function ShowExistingCategory()
{
    window.ShowEditView();

    editPage.SelectCategory("Books");

    Assert.AreEqual("Books", editPage.Name().Text);
    Assert.AreEqual("Items: 3", editPage.ItemCount().Text);
}

Creating the memory-leak test

The system tests already had the application interaction abstracted into page objects. So a test for memory leaks would just involve using those objects to exercise all of the components in the application.

For this example, the following code exercises all of the application behavior:

function RunOneLoop()
{
    AddCategory();
    ShowList();
    RemoveCategory();
    ShowList();
}

function ShowList()
{
    window.ShowList();
}

function AddCategory()
{
    window.ShowEditView();

    editPage.AddCategory();
    editPage.Name().Text = "";
    editPage.Name().Keys("Testing");

    editPage.AddItem("Item 1");
    editPage.AddItem("Item 2");
    editPage.AddItem("Item 3");
}

function RemoveCategory()
{
    window.ShowEditView();

    editPage.SelectCategory("Testing");

    editPage.RemoveCategory();
}

Were all well with the application, it should be in the same state at the end of each loop.

This same set of interactions running in a loop will magnify any memory leaks in the application.

function RunLoops()
{
    for (var i = 0; i < loopsToRun; i++)
    {
        Indicator.PushText("Loop " + (1 + i) + " (of " + loopsToRun + ")");
        RunOneLoop();
        Indicator.PopText();
    }
}

All that is left is to start the application in the test and provide places to attach the memory profiler:

function Main()
{
    app.Start();

    WaitForProfilerStart();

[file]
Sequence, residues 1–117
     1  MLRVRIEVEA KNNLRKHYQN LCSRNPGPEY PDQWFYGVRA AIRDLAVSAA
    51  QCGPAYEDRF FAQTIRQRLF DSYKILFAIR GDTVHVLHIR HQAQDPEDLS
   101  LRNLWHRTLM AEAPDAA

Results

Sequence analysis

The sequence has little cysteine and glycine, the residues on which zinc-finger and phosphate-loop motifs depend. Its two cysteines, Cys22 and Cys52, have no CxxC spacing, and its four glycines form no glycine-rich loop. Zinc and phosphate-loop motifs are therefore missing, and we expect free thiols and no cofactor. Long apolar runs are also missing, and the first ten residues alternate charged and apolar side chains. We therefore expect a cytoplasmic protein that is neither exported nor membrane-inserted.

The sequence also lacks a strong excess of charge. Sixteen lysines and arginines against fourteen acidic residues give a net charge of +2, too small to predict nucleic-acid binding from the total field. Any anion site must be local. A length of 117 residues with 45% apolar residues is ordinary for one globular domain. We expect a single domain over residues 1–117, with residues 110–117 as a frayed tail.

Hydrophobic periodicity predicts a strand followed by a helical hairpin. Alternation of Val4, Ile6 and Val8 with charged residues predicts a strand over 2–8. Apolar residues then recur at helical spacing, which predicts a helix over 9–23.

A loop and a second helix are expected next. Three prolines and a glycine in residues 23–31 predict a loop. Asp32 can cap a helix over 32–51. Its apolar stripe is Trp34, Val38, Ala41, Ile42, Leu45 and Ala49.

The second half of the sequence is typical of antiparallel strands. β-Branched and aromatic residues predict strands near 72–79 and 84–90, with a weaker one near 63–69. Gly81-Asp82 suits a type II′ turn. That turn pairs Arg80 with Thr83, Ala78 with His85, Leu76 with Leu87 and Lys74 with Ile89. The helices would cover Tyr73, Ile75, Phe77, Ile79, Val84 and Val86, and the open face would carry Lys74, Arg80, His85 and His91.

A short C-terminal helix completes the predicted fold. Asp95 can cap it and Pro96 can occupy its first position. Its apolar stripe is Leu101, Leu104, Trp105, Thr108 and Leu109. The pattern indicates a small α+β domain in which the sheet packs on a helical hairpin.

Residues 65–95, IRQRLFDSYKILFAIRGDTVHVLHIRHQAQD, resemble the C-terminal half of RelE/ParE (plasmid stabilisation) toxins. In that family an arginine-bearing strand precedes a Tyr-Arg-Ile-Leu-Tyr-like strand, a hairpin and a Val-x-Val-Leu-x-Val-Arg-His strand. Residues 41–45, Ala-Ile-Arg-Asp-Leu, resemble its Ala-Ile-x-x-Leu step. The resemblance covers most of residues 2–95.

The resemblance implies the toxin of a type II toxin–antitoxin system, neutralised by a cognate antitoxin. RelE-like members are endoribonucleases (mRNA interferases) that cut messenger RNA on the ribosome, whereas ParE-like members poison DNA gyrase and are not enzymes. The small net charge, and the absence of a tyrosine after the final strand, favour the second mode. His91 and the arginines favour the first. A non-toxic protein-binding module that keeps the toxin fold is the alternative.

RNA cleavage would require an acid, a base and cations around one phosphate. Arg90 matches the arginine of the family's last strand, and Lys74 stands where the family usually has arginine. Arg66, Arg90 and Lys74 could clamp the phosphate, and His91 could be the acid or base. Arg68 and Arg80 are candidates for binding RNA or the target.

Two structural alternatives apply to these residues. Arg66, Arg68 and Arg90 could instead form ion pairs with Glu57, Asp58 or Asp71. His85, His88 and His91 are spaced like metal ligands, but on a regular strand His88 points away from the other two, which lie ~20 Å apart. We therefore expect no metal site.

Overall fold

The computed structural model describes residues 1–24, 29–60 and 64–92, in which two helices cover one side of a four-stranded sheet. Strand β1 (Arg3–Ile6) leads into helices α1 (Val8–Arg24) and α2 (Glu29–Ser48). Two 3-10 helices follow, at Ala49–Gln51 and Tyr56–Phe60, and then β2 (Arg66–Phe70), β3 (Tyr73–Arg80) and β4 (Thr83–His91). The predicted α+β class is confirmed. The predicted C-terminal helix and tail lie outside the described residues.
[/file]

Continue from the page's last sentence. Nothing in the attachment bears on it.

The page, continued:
RunLoops();
    WaitForProfilerStop();

    app.Close();
}

function WaitForProfilerStart()
{
    BuiltIn.ShowMessage("Attach the memory profiler to process (PID " + app.Process().Id + ") and take the initial snapshot");
}

function WaitForProfilerStop()
{
    BuiltIn.ShowMessage("Use the profiler to take another snapshot");
}

Running the test

To look for the memory leak, run the Main function and start the memory profiler as indicated. Then go take a walk, get some coffee, or find something else to do for a while. When the test is done, take the final memory snapshot using the profiler.

Evaluating the results

For evaluating the results, I find that looking at the objects in memory is a good starting point. In this case, when I look at the objects in memory, I see that there are a lot of CategoryListItemViewModel objects still in memory:

If I didn’t already know what the source of the memory leaks was, I’d now have a good starting point to look. Something is holding on to a reference to CategoryListItemViewModel objects and preventing them from being garbage collected.

All that would remain is to find the source of the problem and correct it. Then, running the same memory leak test would confirm that the issue was actually resolved.

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Aaron Alexander